The GP2X Wiz, successor to the Korean GP32 and GP2X consoles, is due for release in October, and is currently being promoted by developer Game Park Holdings as having a far more commercial approach than its predecessor.
TechRadar spoke to Canadian software developer Jeff Mitchell, developer of launch title BattleJewels, to learn more about the development scene, and GPH's part in it.
A recent press release stated that Game Park Holdings will be releasing new software for the Wiz every month. Can you elaborate on this promise, and explain how it might work?
I've a limited view into that world, but I can offer up that the titles seem to include a mix of pure commercial (such as GP2X titles and it looks like titles from the original GP32 modernized as well) and commercialized versions of GP2X homebrew - ie: as a small company, getting new content attracted to a platform is very difficult so they're trying to at least leverage what they do have access to - prior assets and the very strong homebrew community that has built up on their devices.
Let's be frank - the GPH machines pretty much make it on homebrew, so they know the value we developers add into the ecosystem, and this time they're trying to work more with all of us.
More to point, GPH have made the effort to appoint one or more people as liaison to developers of popular homebrew titles in hopes of getting their influential cooperation, and going so far as to offer assistance in commercializing applications.
GPH is offering some expertise in game assets (such as artwork), localization (to Korea, for instance) and offering suggestions (application ideas, interface design and so forth) to help differentiate for-sale games against their previous homebrew incarnations.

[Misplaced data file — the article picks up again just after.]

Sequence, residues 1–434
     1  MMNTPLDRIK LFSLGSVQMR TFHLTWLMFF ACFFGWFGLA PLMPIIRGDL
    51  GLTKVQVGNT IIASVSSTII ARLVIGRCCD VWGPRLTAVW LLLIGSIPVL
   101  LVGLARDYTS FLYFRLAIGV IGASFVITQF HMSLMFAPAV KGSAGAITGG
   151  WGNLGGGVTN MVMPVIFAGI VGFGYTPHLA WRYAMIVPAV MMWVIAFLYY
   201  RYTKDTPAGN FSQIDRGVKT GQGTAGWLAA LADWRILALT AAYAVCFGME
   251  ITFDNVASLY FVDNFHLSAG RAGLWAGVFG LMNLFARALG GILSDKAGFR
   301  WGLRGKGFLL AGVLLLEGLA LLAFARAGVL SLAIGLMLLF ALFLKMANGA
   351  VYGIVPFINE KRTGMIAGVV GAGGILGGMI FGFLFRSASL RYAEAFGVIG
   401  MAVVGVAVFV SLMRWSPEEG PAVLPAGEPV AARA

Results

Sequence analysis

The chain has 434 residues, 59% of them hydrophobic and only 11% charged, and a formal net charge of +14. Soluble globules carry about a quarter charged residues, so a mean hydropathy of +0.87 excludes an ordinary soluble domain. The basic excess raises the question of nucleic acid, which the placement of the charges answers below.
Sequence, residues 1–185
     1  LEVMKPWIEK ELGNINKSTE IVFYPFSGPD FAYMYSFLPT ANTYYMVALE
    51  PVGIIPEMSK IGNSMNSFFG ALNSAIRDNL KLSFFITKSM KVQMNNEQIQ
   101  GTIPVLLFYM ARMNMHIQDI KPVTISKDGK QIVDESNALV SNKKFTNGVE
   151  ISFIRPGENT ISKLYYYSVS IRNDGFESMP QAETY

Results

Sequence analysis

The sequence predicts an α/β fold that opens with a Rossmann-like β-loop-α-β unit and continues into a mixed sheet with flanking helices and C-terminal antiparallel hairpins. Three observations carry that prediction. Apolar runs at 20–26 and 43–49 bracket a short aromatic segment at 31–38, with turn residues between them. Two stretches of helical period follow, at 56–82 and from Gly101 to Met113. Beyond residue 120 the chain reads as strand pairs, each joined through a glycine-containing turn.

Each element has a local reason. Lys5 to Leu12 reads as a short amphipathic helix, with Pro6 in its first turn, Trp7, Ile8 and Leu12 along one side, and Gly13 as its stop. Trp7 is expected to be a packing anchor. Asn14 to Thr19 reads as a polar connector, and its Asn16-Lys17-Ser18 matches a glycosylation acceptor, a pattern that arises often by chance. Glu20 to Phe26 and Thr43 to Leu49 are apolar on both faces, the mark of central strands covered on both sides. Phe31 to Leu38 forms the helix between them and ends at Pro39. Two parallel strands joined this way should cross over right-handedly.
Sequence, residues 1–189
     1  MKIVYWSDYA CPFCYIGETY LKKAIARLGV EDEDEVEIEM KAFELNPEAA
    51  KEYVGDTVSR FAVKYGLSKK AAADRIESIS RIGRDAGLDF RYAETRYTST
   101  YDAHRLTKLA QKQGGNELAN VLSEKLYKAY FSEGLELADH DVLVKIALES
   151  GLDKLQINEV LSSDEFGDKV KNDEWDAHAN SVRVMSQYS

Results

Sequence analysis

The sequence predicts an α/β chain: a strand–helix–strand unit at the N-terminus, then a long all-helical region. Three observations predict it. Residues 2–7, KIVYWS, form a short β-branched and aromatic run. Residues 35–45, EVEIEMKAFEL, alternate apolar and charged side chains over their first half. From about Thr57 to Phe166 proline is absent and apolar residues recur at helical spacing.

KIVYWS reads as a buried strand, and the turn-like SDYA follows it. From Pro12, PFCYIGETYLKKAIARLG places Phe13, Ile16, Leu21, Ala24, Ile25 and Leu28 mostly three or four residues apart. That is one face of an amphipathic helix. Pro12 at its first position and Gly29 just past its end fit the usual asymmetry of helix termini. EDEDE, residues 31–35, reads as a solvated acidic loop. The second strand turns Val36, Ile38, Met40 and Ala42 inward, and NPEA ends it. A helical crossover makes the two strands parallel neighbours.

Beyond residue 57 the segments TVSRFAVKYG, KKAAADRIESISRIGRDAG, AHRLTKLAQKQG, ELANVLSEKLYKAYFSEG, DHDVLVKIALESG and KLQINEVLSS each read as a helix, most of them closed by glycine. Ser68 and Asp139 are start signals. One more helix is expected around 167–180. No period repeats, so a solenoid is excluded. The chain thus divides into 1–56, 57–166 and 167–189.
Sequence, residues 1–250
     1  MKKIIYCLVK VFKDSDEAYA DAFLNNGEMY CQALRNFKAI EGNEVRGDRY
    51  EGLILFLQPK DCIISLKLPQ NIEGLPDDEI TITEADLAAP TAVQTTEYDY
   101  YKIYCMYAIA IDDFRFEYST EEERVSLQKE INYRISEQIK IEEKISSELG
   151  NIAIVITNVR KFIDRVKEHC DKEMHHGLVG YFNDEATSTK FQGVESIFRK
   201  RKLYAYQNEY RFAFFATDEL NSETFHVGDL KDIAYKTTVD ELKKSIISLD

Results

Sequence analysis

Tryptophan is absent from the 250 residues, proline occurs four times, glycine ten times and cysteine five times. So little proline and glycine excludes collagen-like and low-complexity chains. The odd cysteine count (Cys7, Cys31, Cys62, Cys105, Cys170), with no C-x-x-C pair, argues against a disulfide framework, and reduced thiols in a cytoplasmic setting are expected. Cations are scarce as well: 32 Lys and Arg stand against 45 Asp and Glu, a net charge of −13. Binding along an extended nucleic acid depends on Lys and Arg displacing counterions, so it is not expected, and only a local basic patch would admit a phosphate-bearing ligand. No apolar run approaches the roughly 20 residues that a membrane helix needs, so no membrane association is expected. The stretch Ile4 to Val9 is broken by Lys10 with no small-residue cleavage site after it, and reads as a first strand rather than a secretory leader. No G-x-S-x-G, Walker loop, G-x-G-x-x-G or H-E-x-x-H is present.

Can you explain how developers are approached by GPH to contribute to their in-house software library?
I think some applications have been 'bought up', but expect most are in cooperation with the developers instead. Certainly for my game, they've been wanting to cooperate on changes (they're a small organization, no way they could manage code on dozens of games at once).
Locating the popular homebrew is not difficult... a night of trolling some of the fan sites will yield all that is needed, and there are a few recurrent homebrew competitions whose posted results pages will provide handy bookmarks. BattleJewels ranked pretty high in last year's GBAX competition, as did some of the other titles I believe are being farmed for the Wiz.
Naturally I can only speak for myself though. GPH emailed me some time ago around the beginning of the year - informing me of a few in-progress details of an upcoming device, asking for source for the BattleJewels game (code, artwork, etc) so they could do some rework to ensure it would operate on the new device and possibly do some upgrades along the way.
BJ is not an open source work so the request was curious, but I figured they meant to just bring top homebrew onboard but in the more or less same state it was in on the GP2X. I wrote back with some options - that we could make a build for the new device, that we didn't mind being included in the device ROM as long as game assets were untouched (credits and so on).
I suspect over time they realized that some of the people they were approaching were professional software developers and started working towards more commercial games in the traditional sense - delivered on SD, rather than UMD on a PSP for instance.
Are you being paid by GPH for your continued development contribution, or are you expecting a one-time purchase of your title by the company?
It seems to be essentially a commissions-style system though I've not yet gone so far as to bang out details. Getting into the legals with a Korean corporation could get complex so I've got some research to do yet but they've offered up very favourable terms. I've got applications and games up on a few platforms and over the years the publishers have been getting greedier and greedier and making it very hard on those of us at the end of the pipe; GPH made a very fair set of terms, which is refreshing to see in this day.